Teacher strikes

Teacher strikes: Education unions begin re-balloting members

NEU and NAHT launch fresh votes as pay dispute continues

NEU and NAHT launch fresh votes as pay dispute continues

15 May 2023, 0:01

More from this author

Further strike action is on the cards for schools as the NEU and NAHT launch a re-ballot of members

Hundreds of thousands of teachers and school leaders will be re-balloted for strikes from today as the long-running pay dispute with the government continues.

The National Education Union (NEU) began its latest ballot of around 300,000 teacher members in England this morning. It will run until July 28.

Headteachers’ union NAHT has also opened a fresh ballot for industrial action, which will close on July 31.

It comes after members of both unions rejected the government’s offer on pay and working conditions for teachers and leaders.

All four teaching and leadership unions are due to go to their members in the coming weeks.

If the ballots pass the legal threshold, leaders have said they will coordinate strikes in the autumn term this year.

Leaders have preducted such a scenario could see all state schools in England disrupted, with NEU joint general secretary Kevin Courtney previously claiming up to 400,000 staff could walk out.

NEU’s current mandate ends in July

Teacher members of the NEU, the only union to have so far won a ballot, have staged several walkouts since February in a push for a bigger pay increase.

But the mandate of the union’s current ballot – which saw 90.44 per cent members vote in favour of strikes – ends on July 13.

The NAHT announced last month that it would re-ballot headteachers, after its previous vote on industrial action failed to reach the turnout threshold required.

Unlike the last ballot, its latest vote will seek a mandate for full strikes alone. Heads were previously asked if they backed strikes and action short of a strike.

The NAHT’s dispute with the government has also been widened to cover not just pay and funding, but also recruitment and retention, workload and wellbeing, and inspection, including its impact on headteachers’ mental health.

Teachers’ union NASUWT will re-ballot members on pay, workload and working hours from June 5 to July 10. It also fell short of the turnout threshold last time. A vote for sixth-form college members, launched today, will run until June 12.

Dates for leaders’ union ASCL’s vote, the first formal national ballot in its history, are yet to be confirmed.

Re-ballots should be a ‘wake-up call’ to ministers

“With four education unions balloting members for strike action in the autumn term this should be a wake-up call,” NEU joint general secretaries Dr Mary Bousted and Courtney said in a statement.

“Our re-ballot would allow the NEU to co-ordinate action with other teacher unions in the autumn term if government does not provgide a settlement to the dispute.

“It is never too late for the education secretary to come to the negotiating table and make an improved offer.”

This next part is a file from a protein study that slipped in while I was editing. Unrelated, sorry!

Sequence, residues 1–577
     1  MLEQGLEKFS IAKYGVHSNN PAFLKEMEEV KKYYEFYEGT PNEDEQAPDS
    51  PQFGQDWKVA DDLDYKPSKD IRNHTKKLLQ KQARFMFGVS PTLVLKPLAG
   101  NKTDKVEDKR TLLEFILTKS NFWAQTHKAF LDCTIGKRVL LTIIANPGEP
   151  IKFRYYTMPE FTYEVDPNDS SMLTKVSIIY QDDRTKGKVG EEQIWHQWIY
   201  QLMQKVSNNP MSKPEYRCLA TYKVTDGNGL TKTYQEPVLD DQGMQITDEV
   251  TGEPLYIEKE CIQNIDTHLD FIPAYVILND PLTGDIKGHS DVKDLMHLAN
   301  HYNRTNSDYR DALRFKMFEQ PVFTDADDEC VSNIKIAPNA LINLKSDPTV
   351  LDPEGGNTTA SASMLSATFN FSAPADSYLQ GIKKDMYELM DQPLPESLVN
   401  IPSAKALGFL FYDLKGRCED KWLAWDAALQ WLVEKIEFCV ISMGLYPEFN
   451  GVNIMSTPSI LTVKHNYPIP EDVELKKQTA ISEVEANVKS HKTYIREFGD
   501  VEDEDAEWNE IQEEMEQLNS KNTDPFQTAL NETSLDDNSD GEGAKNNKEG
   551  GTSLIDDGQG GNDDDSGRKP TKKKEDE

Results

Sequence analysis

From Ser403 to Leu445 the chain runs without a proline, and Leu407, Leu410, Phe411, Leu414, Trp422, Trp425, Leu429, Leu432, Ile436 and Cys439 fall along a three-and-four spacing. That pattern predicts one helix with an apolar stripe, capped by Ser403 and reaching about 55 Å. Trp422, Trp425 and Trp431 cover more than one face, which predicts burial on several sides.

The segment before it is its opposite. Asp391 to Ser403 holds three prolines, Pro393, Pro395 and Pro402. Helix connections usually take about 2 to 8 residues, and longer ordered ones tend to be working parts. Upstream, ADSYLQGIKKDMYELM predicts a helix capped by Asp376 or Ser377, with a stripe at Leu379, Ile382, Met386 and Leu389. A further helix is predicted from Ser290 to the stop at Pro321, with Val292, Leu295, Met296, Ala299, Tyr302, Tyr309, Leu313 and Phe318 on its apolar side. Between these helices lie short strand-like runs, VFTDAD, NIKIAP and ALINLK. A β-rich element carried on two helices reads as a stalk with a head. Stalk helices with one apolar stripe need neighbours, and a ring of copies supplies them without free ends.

Members of all four unions rejected the government’s pay offer of a £1,000 one-off payment this year and a 4.3 per cent rise for most teachers from September by large margins.

Unions have disputed the government’s claim the offer is fully-funded.

The Office for Statistics Regulation said last week that ministers had “evidenced” this claim in line with their own “definition”, but said they must be more transparent about affordability for individual schools.

Paul Whiteman, general secretary of NAHT, said “no further meaningful talks” had taken place with education secretary Gillian Keegan since members rejected the offer.

“Nobody working in education wants to have to go on strike,” he added.

“But it seems this is the only way to open the government’s eyes to the mess our education system is in, and the recruitment and retention crisis fuelled by years of real-terms pay and funding cuts, unsustainable workload and high-stakes inspections which harm staff wellbeing.”

A DfE spokesperson said it had “made a pay offer to unions that was fair, reasonable, and recognised teachers’ hard work”.

More from this theme

Teacher strikes

Leaders vow to shun minimum service levels for schools

But DfE refuses to say whether schools will face action for failing to issue work notices to striking staff

Freddie Whittaker
Teacher strikes

Leaders slam ‘sham’ anti-strike law consultation

Schools given just 150 characters to comment on controversial minimum service level laws, and must pick a preferred option

Schools Week Reporter
Teacher strikes

Minimum service level proposals: Everything schools need to know

It will be left up to heads to decide 'appropriate' staffing levels and down to schools and trusts to...

Freddie Whittaker
Teacher strikes

DfE wants 3 in 4 pupils in during strikes, leaked documents reveal

Ministers accused of acting in 'bad faith' and deliberately 'collapsing' minimum service level talks with unions

Freddie Whittaker
Teacher strikes

Labour would scrap minimum service levels for schools

Bridget Phillipson says 'attack on the rights of working people' is an 'admission of failure' over last year's pay...

Freddie Whittaker
Teacher strikes

Strikes: Government to introduce minimum service levels in schools

Ministers say if a voluntary agreement is not reached with unions, it will use powers through the new strikes...

Samantha Booth

Your thoughts

Leave a Reply

Your email address will not be published. Required fields are marked *

One comment

  1. Annie

    I fully support teachers striking.teachers are overworked, underpaid and seriously understaffed.
    If it’s ok for nurses and doctors to strike risking patients lives, then teachers are entitled to strike as this doesn’t risk anyone’s life. Teachers need pay rises as they do not earn enough to pay their bills.